The covers are slightly ‘domed’, overall height is appx. 1/4". The covers sit on top of floor, not ‘into’ floor surface.

Can’t see the height in pic,


There are two separate floor outlets in family room, ceramic tile floor. Walls are further than 6’ from outlets.
Hi Linda,
I don’t know the size of this room but that is probably why you have receptacles in the floor
I have seen this type of floor “mounted” receptacle many, many times. It is not unusual and they only “problem” here is that the covering is ugly and does not match the ceramic tile.
The covers are slightly ‘domed’, overall height is appx. 1/4". The covers sit on top of floor, not ‘into’ floor surface.
Since the edges are rounded and not "sharp "this covers the “tripping issue”. Once again the coverings are ugly but do not pose a tripping hazard.
Can’t see the height in pic,

Here is the information from the IRC covering this issue. I have also looked into the IBC, and The ICC electrical codes. None of them address the “height issue”.

2006 international residential code for one and two family dwellings
**E3801.2.1 Spacing. **
Receptacles shall be installed so that no point measured horizontally along the floor line in any wall space is more than 6 feet (1829 mm), from a receptacle outlet.
E3801.2.2 Wall space.
As used in this section, a wall space shall include the following:

  1. Any space that is 2 feet (610 mm) or more in width, (including space measured around corners), and that is unbroken along the floor line by doorways, fireplaces, and similar openings.
  2. The space occupied by fixed panels in exterior walls, excluding sliding panels.
  3. The space created by fixed room dividers such as railings and freestanding bar-type counters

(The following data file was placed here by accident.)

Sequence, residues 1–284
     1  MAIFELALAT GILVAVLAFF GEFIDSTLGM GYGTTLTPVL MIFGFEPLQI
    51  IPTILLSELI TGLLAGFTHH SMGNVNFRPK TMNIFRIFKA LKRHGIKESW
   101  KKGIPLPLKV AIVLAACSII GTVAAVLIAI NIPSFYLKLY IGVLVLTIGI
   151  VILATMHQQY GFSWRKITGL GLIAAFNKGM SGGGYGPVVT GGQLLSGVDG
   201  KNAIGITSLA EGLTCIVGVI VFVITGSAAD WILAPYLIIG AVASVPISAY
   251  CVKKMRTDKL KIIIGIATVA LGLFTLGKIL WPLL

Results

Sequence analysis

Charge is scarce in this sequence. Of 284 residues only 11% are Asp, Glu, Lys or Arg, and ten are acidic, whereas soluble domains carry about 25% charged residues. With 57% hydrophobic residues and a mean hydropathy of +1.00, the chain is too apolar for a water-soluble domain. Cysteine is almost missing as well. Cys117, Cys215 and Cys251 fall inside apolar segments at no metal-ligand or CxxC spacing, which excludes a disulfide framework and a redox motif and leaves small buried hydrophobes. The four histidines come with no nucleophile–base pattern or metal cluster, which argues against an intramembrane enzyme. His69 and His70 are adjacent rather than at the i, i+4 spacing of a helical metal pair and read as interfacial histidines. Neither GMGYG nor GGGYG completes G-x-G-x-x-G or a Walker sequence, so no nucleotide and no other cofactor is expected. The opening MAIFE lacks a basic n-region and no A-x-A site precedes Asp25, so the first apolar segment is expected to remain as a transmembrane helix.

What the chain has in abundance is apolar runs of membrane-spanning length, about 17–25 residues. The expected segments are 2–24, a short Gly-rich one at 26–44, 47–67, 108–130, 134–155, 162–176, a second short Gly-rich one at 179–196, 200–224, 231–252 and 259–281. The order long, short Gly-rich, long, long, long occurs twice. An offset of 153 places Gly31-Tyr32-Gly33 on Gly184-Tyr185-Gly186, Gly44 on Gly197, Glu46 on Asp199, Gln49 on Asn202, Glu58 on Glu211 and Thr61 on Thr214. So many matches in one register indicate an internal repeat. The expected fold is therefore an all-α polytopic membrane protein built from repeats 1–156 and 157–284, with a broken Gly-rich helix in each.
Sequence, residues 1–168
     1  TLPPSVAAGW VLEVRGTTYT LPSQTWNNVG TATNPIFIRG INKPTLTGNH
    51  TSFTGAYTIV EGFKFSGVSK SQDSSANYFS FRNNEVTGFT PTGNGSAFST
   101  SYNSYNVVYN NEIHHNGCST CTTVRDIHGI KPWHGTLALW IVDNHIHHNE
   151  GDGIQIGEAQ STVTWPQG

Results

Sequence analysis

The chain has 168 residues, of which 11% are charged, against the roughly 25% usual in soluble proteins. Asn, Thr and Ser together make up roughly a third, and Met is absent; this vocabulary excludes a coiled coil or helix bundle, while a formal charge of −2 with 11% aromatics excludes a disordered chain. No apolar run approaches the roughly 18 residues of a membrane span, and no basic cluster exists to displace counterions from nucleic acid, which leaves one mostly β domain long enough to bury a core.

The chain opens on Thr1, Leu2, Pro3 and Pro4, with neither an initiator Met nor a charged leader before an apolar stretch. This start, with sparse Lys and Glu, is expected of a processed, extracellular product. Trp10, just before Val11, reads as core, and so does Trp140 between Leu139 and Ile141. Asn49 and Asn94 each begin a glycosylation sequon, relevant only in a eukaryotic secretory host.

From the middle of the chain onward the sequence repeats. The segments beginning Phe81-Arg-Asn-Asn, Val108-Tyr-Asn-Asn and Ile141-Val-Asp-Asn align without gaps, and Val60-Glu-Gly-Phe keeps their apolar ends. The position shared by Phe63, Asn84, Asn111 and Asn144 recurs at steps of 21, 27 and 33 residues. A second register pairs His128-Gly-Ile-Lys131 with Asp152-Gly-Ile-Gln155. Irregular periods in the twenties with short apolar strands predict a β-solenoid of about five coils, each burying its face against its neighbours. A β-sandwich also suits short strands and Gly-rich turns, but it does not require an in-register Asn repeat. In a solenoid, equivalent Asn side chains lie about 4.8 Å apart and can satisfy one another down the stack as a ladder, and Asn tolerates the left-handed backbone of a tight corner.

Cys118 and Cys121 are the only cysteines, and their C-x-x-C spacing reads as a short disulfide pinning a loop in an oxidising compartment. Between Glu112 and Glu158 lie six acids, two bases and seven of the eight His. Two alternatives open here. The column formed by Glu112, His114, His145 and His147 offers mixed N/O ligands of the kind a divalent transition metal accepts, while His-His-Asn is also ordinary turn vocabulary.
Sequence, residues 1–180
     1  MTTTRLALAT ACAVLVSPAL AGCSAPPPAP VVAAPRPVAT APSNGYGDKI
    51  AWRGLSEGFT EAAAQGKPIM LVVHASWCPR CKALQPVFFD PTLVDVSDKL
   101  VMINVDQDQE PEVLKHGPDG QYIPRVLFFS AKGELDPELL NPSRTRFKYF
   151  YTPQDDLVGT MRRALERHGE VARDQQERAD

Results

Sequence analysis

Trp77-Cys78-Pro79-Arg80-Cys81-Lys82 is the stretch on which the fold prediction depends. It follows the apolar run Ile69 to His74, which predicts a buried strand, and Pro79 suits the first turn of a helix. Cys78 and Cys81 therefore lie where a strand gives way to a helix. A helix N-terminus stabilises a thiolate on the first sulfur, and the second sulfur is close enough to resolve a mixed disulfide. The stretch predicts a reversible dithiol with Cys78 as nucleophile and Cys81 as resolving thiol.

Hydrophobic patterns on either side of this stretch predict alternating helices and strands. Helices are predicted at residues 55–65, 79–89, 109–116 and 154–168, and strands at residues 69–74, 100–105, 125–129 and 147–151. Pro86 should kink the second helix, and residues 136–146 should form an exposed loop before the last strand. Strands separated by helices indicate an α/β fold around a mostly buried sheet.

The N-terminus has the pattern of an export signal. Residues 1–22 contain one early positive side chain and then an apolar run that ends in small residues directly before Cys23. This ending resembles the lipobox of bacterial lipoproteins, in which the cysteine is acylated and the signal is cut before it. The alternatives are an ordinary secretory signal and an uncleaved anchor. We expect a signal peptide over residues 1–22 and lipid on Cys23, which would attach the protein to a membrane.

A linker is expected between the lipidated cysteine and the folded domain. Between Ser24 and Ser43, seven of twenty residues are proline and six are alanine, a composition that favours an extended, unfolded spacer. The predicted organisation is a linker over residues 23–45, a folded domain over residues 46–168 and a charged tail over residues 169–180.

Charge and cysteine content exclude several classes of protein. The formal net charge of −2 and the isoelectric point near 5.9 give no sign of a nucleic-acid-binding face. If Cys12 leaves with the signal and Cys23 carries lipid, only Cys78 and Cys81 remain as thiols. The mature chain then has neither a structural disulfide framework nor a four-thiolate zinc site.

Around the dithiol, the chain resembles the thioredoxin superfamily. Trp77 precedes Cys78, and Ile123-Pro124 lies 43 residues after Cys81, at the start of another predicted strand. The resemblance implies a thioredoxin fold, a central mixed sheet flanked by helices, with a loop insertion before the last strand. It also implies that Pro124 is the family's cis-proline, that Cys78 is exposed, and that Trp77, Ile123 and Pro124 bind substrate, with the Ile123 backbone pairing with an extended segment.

**E3801.2.3 Floor receptacles. **
    Receptacle outlets in floors shall not be counted as part of the required number of receptacle outlets except where located within 18 inches (457 mm) of the wall.

Do yourself a favor. Pour a liquid of your choice into one of these receptacles and simply observe.

Where did I state “horizontal floor box”? I’ve never heard of one.

It says “Horizontal floor receptacle”

If the receptacle is not protected in any way, I write it up. This is one of many protective covers that I’d like to see.


Sorry David, wrong word. Floor receptacle. SEMANTICS in this case.

I still ask, what is a horizontal floor receptacle? And if it has a legal floor cover why would your write it up?

Of course you should write it up if not a proper floor receptacle box/cover. No one ever disputed this.

I HAVE seen liquid in a receptacle, and it never “sparked”. Water IS NOT a good conductor. Especially not enough to create a bolted fault.

If a floor receptacle is located more than 18" from a wall it cannot be counted towards the “required” receptacles in a room. Once it goes beyond this 18" it hold NO bearing on the other receptacles in the room and is simply a convenience receptacle.

The fact that it is within 6’ from another receptacle is meaningless. For one thing, to be counted as a required receptacle it can be 12’ away, not 6’.